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Members of a rescue team collect personal items and wreckage from a plane crash in Tanjung Priok, North Jakarta. Photo: Resmi Malau/AFP/Getty Images

A Lion Air Boeing 737 MAX 8 crashed into the ocean shortly after taking off from an airport in Jakarta, Indonesia, likely killing all 189 people on board, the AP reports.

The big picture: Indonesian airlines have been known for their spotty safety records, and bans on flights to Europe and the United States had only been lifted over the last few years. An Indonesian official said the pilot had requested to return to the airport just minutes after taking off, adding that the plane had experienced a technical issue on its previous flight.

Between the lines: The crash is noteworthy for being the first to involve the Boeing 737 MAX, which is a more powerful and efficient version of the popular 737. The aircraft is used on trans-Atlantic routes, and more than 4,700 are on order worldwide, Boeing says on its website.

Go deeper

1 hour ago - World

Hong Kong media tycoon Jimmy Lai detained on fraud charge

An activist holds a placard highlighting China's Tiananmen Square massacre as pro-democracy media tycoon Jimmy Lai arrives at West Kowloon Magistrates' Court in Hong Kong in November. Photo: Isaac Wong/SOPA Images/LightRocket via Getty Images

Hong Kong media tycoon Jimmy Lai is being detained until an April court hearing after the pro-democracy supporter was charged Thursday with fraud, per his Apple Daily news outlet.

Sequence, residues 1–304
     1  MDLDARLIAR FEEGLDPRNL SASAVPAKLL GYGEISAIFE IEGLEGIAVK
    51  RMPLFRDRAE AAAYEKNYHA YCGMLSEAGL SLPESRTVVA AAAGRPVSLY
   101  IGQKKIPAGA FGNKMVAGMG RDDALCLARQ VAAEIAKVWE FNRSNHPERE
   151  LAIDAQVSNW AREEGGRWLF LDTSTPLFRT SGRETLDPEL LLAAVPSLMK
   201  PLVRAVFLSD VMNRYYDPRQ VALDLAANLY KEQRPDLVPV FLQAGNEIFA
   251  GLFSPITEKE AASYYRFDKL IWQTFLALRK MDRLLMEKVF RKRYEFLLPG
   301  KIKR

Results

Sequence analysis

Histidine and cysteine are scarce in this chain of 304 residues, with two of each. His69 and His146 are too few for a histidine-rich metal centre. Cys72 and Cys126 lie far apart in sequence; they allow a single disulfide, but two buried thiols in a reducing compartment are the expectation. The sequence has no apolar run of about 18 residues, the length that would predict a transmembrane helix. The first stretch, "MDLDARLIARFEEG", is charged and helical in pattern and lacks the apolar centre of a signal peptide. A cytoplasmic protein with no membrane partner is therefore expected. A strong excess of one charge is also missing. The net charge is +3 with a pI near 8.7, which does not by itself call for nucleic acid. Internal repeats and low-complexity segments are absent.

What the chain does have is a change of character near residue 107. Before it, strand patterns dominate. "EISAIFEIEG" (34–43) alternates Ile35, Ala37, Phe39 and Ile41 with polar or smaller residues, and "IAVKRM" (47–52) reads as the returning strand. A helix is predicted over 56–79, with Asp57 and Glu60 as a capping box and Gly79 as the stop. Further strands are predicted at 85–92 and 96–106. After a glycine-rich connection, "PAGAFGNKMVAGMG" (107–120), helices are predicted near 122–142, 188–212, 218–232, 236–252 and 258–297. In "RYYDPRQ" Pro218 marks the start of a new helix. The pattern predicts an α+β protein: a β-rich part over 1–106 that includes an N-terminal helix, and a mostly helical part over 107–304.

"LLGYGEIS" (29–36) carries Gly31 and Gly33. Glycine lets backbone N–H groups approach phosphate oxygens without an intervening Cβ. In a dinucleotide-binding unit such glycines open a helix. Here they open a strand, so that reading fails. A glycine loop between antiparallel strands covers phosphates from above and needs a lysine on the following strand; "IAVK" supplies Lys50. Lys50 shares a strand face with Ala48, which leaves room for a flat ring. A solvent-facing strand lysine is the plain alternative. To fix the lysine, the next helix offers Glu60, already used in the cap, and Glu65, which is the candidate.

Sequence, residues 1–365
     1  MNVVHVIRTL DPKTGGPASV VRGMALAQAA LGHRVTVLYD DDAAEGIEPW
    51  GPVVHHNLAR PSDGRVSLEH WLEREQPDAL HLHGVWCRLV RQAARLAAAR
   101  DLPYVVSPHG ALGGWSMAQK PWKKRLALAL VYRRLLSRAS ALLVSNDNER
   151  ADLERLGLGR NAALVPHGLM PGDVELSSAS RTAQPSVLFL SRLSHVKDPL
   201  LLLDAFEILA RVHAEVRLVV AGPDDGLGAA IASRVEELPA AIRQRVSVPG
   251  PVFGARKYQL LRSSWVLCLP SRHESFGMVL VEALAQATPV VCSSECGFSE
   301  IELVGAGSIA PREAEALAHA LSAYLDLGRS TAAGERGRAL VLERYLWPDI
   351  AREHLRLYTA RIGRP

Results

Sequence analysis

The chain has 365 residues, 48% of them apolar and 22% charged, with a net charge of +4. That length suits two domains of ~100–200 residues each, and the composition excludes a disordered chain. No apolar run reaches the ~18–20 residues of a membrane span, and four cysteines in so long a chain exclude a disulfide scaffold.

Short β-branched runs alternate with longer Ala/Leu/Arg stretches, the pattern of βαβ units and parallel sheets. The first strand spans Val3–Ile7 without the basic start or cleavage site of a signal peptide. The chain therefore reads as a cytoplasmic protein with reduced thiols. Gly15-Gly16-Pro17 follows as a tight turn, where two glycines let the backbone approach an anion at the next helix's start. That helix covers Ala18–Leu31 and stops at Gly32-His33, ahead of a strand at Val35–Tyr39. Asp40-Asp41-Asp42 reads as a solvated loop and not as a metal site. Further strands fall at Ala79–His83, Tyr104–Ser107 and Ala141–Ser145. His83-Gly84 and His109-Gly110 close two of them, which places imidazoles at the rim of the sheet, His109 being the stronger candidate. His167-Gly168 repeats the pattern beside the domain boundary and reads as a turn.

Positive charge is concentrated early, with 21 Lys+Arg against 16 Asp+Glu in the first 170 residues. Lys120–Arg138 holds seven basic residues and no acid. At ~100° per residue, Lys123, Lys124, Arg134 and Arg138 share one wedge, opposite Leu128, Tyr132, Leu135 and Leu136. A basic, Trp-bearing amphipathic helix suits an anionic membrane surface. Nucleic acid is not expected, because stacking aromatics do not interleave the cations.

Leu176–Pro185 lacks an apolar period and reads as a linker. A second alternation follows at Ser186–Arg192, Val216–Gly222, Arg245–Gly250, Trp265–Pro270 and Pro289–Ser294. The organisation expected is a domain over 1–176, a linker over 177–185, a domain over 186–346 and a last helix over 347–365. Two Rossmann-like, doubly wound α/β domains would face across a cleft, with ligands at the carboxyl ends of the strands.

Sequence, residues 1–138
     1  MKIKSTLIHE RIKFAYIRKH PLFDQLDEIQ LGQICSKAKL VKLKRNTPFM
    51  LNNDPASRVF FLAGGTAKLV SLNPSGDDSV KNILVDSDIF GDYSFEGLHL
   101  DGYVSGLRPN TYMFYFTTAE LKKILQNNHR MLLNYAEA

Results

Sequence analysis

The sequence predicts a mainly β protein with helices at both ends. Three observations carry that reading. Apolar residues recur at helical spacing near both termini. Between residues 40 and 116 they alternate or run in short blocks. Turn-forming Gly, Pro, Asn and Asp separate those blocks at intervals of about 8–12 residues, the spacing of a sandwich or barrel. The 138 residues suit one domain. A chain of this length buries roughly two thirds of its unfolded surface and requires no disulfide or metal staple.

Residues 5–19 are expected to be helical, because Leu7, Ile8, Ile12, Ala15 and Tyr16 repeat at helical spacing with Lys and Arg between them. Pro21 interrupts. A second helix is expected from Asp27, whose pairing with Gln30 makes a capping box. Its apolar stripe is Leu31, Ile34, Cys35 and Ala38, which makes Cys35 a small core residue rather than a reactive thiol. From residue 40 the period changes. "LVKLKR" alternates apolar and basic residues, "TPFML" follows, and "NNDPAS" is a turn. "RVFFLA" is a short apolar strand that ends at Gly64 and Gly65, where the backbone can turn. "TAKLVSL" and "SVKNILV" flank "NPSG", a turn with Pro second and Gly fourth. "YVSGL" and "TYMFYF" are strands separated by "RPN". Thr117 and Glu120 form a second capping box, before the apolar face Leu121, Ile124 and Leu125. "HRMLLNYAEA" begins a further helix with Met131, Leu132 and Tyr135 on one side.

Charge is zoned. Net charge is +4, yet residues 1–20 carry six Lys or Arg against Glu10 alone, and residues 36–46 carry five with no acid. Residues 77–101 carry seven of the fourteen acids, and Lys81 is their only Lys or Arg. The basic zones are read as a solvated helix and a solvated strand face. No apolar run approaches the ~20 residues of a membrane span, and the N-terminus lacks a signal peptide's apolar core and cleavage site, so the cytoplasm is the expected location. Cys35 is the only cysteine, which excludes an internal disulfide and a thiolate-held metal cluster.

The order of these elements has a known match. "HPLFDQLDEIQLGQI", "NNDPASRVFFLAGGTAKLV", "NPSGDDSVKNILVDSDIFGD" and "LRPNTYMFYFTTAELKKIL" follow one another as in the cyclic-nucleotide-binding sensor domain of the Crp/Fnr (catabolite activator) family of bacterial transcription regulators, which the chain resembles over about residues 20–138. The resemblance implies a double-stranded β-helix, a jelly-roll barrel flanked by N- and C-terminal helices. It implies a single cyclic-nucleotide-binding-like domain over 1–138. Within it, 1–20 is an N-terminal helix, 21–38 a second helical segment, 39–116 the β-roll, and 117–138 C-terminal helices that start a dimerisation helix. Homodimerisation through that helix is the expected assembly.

Why it matters: The 72-year-old's arrest and denial of bail is another blow for the pro-democracy movement in the former British colony amid concerns about a fresh crackdown on activists.

5 hours ago - Politics & Policy

Inhofe loudly sets Trump straight on defense bill

Sen. Jim Inhofe speaks with reporters in the Capitol last month. Photo: Samuel Corum/Getty Images

Senator Jim Inhofe told President Trump today he'll likely fail to get two big wishes in pending defense spending legislation, bellowing into his cellphone: "This is the only chance to get our bill passed," a source who overheard part of their conversation tells Axios.

Why it matters: Republicans are ready to test whether Trump's threats of vetoing the bill, which has passed every year for more than half a century, are empty.

Conspiracy theories blow back on Trump's White House

Sidney Powell. Photo: Tom Williams/CQ-Roll Call, Inc via Getty Images

President Trump has rarely met a conspiracy theory he doesn't like, but he and other Republicans now worry the wild tales told by lawyers Sidney Powell and Lin Wood may cost them in Georgia's Senate special elections.

Why it matters: The two are telling Georgians not to vote for Republicans David Perdue and Kelly Loeffler because of a bizarre, baseless and potentially self-defeating theory: It's not worth voting because the Chinese Communist Party has rigged the voting machines.